Conjecture: putting tamper-proof cameras on every officer and every patrol car would have cost significantly less than burning down an entire neighborhood while an overwhelming military force harassed and roughed up the wrong people.
I’m not sure there’s ANY amount of evidence that could have convinced the folks who are angry right now not to do what they’re doing. Ultimately, what they’re doing is counter-productive, and will set back progress on all fronts.
However, the point is that, irrespective of the facts of this particular case, many people have no confidence that the government handles cases like these appropriately. And this is not a new sentiment, and it is not based on this isolated event. And this lack of confidence in our police and our judicial system is much larger than just the black community:
“Viewed from outside the trial, it was hard to understand how the verdict could possibly square with the video. Those civil rights leaders with whom I met were stunned. And so was I and so was Barbara and so were my kids.”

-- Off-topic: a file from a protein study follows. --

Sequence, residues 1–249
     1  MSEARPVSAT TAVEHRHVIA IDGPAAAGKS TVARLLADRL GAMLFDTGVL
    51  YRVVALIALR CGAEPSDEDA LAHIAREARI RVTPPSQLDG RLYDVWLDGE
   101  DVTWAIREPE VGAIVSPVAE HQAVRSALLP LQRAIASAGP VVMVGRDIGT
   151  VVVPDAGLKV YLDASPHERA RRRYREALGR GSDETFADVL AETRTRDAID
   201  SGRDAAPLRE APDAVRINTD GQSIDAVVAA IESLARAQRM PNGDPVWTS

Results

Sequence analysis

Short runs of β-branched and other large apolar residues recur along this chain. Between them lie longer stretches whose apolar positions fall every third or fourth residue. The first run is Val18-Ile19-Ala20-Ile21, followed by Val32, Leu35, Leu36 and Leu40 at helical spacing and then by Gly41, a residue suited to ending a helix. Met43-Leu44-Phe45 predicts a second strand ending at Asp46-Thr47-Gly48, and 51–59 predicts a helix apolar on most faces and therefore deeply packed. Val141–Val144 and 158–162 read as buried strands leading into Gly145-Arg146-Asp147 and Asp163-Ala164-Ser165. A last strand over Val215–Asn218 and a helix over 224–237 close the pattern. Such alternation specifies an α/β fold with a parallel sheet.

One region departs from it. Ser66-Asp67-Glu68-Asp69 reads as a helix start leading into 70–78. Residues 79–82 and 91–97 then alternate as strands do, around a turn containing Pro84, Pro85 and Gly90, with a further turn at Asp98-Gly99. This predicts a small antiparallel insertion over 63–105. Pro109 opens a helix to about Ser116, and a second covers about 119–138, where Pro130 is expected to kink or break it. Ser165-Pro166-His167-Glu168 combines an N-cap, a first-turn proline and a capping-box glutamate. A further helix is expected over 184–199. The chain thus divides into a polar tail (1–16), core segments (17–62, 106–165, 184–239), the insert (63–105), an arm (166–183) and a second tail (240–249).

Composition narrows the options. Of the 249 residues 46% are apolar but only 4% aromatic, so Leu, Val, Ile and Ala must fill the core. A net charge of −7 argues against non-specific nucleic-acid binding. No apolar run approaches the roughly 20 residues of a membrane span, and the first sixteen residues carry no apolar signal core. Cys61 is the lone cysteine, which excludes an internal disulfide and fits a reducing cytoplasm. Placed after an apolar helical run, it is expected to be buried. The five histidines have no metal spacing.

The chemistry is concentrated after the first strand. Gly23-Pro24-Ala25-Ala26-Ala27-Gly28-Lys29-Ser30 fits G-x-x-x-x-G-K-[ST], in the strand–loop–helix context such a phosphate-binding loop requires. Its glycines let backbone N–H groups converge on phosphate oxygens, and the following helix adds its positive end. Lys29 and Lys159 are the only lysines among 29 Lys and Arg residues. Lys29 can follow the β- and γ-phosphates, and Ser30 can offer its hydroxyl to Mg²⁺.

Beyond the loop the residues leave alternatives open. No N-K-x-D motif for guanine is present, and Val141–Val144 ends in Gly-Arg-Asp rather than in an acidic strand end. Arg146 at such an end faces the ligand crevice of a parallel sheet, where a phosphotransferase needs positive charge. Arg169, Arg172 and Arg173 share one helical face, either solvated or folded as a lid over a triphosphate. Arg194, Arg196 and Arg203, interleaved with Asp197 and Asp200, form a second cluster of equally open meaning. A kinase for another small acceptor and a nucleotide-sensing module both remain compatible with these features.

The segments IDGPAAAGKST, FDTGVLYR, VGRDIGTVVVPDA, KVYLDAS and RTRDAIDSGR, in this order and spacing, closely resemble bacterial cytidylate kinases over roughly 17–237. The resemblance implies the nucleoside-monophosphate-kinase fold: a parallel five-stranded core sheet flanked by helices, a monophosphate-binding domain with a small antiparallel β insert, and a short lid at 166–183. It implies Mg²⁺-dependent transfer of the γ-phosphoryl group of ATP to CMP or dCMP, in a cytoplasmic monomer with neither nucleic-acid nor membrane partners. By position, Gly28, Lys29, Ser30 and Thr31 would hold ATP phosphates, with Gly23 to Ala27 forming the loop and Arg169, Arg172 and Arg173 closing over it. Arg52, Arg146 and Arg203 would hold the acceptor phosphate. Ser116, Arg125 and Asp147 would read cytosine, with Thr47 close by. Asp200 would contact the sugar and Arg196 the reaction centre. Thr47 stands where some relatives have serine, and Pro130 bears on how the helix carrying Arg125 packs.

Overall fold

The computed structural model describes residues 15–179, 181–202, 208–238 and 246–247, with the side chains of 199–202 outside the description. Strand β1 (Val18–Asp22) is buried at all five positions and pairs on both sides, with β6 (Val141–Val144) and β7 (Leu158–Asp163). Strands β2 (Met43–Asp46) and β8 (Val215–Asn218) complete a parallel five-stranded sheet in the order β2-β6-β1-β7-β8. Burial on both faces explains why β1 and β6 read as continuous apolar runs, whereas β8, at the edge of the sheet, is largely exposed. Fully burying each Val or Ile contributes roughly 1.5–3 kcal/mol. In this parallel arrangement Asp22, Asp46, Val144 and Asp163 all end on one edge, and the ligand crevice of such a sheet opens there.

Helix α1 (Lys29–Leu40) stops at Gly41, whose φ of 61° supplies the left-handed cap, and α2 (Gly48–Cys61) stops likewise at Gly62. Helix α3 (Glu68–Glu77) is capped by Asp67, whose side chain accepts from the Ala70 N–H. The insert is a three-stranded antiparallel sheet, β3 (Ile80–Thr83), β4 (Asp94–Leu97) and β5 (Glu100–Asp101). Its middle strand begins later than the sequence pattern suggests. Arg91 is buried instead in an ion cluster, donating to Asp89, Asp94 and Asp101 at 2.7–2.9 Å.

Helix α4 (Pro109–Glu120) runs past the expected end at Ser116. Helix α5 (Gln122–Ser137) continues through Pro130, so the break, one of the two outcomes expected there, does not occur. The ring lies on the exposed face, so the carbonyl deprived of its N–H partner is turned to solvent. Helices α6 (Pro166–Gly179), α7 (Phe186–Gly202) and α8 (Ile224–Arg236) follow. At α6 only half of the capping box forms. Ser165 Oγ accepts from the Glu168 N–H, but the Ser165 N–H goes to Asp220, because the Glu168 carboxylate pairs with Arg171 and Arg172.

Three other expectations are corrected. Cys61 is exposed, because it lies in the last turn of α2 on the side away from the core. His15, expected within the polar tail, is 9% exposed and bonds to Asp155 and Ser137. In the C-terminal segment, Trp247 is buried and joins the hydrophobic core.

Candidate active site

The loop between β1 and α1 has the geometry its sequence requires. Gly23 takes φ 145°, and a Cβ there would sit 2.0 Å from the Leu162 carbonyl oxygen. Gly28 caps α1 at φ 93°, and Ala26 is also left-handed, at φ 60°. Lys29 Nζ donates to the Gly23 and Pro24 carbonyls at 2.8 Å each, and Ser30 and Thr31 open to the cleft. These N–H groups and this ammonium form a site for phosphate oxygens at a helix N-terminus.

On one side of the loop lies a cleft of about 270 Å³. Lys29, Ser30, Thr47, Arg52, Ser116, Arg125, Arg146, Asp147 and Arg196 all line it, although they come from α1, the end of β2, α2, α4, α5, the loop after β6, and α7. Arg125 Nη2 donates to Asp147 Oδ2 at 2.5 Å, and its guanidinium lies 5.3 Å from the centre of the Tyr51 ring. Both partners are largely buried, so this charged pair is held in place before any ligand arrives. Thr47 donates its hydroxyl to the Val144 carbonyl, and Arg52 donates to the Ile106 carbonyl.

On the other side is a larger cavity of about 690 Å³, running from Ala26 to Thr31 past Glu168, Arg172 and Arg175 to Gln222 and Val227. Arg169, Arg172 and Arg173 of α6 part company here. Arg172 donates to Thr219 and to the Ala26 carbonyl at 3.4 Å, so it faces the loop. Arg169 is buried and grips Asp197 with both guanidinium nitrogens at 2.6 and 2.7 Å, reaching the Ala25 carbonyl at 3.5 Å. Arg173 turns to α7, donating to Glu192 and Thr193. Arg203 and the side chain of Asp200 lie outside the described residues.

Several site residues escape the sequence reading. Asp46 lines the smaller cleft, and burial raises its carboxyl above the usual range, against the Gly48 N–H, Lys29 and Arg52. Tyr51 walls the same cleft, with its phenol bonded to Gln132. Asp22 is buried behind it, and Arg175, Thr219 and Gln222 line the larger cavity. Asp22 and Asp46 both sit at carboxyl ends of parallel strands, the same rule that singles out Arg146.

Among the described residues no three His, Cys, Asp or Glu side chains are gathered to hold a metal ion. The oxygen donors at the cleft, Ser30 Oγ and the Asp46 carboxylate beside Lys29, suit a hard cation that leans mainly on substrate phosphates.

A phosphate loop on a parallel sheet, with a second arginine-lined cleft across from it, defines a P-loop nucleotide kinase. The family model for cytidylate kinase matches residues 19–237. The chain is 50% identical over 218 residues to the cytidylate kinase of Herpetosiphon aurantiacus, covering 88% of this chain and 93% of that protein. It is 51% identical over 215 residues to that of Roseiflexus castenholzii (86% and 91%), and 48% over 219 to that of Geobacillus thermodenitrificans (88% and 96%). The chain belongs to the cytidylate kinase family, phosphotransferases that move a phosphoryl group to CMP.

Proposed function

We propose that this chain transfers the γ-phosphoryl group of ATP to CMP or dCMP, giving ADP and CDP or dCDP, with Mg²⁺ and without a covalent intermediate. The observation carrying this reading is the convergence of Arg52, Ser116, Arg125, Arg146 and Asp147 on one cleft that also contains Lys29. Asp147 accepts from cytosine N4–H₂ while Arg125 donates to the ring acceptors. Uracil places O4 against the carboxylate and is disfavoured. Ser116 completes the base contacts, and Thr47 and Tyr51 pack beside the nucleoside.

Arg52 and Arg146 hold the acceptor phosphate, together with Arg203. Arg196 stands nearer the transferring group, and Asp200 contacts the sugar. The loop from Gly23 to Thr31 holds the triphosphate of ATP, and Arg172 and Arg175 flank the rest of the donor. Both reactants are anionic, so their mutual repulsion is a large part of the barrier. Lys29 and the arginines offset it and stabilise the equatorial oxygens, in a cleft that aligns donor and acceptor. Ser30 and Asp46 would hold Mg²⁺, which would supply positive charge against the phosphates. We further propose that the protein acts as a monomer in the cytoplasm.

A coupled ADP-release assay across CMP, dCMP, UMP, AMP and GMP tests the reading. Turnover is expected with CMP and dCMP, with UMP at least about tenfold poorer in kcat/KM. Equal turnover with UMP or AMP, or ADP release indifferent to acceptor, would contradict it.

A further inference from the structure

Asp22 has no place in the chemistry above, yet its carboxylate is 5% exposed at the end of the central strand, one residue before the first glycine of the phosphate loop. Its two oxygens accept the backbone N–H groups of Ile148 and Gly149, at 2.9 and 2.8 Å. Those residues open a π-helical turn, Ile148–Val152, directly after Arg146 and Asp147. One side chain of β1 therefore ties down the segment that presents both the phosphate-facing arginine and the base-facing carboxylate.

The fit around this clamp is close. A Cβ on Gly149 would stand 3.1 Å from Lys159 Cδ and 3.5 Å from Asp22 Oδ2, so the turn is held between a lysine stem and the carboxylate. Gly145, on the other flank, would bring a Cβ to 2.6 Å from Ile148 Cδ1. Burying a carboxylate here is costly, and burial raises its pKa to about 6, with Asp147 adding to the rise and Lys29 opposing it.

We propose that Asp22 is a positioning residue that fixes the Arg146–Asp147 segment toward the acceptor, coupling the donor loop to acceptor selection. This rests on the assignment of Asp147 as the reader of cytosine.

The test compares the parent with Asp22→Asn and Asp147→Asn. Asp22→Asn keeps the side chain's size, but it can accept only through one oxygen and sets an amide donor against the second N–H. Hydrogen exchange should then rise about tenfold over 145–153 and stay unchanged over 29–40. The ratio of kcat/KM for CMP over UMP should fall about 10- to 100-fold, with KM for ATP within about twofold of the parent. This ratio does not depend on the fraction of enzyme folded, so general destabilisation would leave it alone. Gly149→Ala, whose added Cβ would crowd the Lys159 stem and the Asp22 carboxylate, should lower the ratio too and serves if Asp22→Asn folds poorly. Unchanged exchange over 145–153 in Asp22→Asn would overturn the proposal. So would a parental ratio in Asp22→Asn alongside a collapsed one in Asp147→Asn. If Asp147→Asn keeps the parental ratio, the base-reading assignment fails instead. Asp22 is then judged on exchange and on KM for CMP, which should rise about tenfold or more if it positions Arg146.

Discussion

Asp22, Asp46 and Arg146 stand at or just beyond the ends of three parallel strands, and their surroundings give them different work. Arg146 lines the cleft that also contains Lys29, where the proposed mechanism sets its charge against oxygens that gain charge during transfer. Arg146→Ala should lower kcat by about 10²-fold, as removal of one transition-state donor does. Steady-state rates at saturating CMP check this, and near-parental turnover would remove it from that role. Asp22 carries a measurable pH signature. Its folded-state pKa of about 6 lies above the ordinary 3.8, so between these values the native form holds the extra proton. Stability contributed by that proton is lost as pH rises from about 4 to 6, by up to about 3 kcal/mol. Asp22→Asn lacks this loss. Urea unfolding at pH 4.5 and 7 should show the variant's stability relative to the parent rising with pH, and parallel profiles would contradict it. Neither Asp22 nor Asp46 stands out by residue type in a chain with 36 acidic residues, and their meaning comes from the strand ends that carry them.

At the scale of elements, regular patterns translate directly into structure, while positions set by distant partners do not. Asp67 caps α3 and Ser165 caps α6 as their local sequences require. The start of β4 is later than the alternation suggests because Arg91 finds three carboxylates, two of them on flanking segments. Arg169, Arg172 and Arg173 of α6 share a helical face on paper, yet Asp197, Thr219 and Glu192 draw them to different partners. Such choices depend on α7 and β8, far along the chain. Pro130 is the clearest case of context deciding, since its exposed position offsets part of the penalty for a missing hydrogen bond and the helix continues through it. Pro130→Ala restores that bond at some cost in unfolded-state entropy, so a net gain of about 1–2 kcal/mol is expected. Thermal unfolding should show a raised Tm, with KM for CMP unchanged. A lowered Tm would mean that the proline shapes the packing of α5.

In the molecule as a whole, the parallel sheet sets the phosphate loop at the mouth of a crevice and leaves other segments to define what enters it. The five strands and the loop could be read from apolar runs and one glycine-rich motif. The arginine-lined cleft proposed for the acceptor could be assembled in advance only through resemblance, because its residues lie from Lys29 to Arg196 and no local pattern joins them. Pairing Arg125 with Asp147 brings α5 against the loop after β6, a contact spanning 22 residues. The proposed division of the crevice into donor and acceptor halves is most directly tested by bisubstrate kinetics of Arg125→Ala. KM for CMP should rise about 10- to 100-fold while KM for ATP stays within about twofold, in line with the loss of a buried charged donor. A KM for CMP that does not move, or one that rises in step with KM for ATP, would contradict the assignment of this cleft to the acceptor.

— President George H.W. Bush, after learning that the LAPD officers who beat Rodney King on video were acquitted
Contrary to popular assertion, President Obama is by no means the first president to helicopter in and comment on local law enforcement issues that tug at questions of credibility when dealing with racially charged cases.
Also, the Rodney King outcome, and subsequent L.A. Riots, remind us that video evidence is no panacea.
The system has a credibility problem, and real, visible steps need to be taken to address that credibility problem.